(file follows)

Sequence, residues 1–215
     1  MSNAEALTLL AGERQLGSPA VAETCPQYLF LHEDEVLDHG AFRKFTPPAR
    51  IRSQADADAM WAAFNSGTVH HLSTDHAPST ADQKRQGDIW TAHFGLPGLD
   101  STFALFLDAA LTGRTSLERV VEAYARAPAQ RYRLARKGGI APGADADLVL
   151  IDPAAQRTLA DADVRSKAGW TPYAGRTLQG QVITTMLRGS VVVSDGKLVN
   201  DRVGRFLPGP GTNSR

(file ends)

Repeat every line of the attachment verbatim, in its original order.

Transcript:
Sequence, residues 1–215
     1  MSNAEALTLL AGERQLGSPA VAETCPQYLF LHEDEVLDHG AFRKFTPPAR
    51  IRSQADADAM WAAFNSGTVH HLSTDHAPST ADQKRQGDIW TAHFGLPGLD
   101  STFALFLDAA LTGRTSLERV VEAYARAPAQ RYRLARKGGI APGADADLVL
   151  IDPAAQRTLA DADVRSKAGW TPYAGRTLQG QVITTMLRGS VVVSDGKLVN
   201  DRVGRFLPGP GTNSR